Format: Hardcover
This edited volume brings together a team of authorities in Con Law that create thoughtful dilemmas most of us may encounter. Recommended to me by a University of Virginia adjunct Law Professor with 20yrs experience practicing before the 4th Circuit, I can say this volume is spot on in information and scholarly discourse. Packed with information, this is a book you'll want to highlight and underline for future reference. This is a 21st Century must read.

Everyone needs to be aware of the complete loss of privacy. Many fail to consider a horrendous (not horrific, because something can't be horrible and also terrific--they cancel each other out) crime and organic impairment as a cause--leaving the attacker without control or recourse. Functional Magnetic Resonance Imaging (fMRI) brain scans provide a complete investigation. Here neuro-law evidence will transform the legal system and negate notions of moral responsibility.

The 4th Amendment dilemma, historically covering physical searches, must also include virtual searches. However, the Supreme Court has yet to understand and appreciate this. While the law needs to regulate widespread collection of data, greater attention must be applied to use and disclosure with emphasis not only on how but what to regulate. Kerr mentions that future surveillance must include future use restrictions on what can be done with information collected. All of us are aware of the computer cop "13yo girl"--bald, beer gut, sagging tits, hairy legs that no woman would want to see in shorts--preying on and entrapping the low IQ, lonely loser, and one who takes your tax dollars for more jails, more punishment, while depriving you of good roads, safe bridges, and an educational system that attempts to educate.
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1 of 1 people found the following review helpful By Michael Mailley on February 13, 2012
Format: Hardcover Verified Purchase
This series of essays discuss current and future technologies and how they might interact with the Constitution and laws, both state and federal. Some are current news, like law enforcement installing GPS tracking devices on cars without a warrant, and many are probable future issues.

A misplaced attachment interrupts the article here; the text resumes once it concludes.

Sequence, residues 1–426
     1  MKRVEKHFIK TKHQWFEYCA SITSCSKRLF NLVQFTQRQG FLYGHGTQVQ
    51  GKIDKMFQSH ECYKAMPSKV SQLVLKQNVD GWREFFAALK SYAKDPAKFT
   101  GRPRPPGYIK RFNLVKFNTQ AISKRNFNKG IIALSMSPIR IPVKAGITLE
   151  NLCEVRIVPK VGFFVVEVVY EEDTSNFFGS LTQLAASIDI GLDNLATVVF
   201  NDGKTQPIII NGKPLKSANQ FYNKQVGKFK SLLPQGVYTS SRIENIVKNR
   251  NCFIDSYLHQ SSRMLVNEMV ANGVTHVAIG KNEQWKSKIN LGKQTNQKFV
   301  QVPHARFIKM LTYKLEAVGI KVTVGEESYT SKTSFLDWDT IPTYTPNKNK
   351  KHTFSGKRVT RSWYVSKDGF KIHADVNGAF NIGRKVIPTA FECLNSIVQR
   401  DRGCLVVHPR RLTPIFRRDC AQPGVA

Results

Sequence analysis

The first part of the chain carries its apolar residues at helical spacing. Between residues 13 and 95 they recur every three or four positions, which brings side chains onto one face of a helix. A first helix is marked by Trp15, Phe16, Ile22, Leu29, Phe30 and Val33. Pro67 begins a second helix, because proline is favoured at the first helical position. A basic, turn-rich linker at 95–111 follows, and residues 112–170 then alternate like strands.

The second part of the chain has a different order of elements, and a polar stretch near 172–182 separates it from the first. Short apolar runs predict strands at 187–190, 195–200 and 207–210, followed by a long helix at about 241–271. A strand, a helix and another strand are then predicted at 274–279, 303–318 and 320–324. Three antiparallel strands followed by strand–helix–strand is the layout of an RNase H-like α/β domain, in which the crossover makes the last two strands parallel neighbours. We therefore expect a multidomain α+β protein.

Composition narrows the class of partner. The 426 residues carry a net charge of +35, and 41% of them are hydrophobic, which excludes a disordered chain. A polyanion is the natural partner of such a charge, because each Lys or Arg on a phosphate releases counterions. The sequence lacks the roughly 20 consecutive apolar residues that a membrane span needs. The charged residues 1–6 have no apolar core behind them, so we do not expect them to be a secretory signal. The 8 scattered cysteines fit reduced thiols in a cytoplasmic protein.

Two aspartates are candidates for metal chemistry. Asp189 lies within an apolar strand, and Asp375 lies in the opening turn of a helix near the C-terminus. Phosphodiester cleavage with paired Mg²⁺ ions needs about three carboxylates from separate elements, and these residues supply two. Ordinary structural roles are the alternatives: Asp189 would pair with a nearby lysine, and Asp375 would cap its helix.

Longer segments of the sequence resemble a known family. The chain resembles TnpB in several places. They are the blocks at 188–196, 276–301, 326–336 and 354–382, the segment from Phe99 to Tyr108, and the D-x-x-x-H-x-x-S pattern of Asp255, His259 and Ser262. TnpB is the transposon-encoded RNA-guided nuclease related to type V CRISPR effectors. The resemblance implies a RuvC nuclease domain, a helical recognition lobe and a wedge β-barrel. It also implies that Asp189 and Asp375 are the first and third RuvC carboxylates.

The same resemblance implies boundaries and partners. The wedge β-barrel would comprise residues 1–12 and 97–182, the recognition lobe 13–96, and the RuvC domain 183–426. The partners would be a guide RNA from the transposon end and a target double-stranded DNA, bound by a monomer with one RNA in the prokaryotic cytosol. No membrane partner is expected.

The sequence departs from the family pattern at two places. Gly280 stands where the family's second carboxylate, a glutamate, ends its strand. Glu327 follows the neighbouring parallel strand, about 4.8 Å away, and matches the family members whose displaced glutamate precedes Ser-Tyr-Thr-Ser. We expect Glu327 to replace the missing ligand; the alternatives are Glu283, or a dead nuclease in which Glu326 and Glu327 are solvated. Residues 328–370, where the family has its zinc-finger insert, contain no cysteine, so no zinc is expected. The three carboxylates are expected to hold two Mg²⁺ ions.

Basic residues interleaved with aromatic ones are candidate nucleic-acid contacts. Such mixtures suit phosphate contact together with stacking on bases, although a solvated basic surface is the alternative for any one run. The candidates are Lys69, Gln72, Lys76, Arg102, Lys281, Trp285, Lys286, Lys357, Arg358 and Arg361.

Issues like cloning of humans, genetic engineering/tampering for gender selection or trait selection (like hair color, sexual orientation, physical abilities, or elimination/reduction of genetic diseases) and what it means to be human and have the rights associated with being human.

In many of the essays an author position can be gleaned but all of them make a good effort to present both sides of each issue, the possible social ramifications and concerns, and legal aspects of each topic.
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1 of 3 people found the following review helpful By DMG on October 18, 2012
Format: Hardcover Verified Purchase
Overall, I thought it was an entertaining read. However, I thought some chapters didn't really speak to the main topic of constitutional law.
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1 of 3 people found the following review helpful By Luap on December 25, 2011
Format: Hardcover Verified Purchase
This book bonds real world "Big Brother Fear" to viable "Future World" Concerns. I Caught a TV interview with the author, bought the book. Very impressive read. Made me think and consider a lot of things beyond my normal scope. I liked that best of all.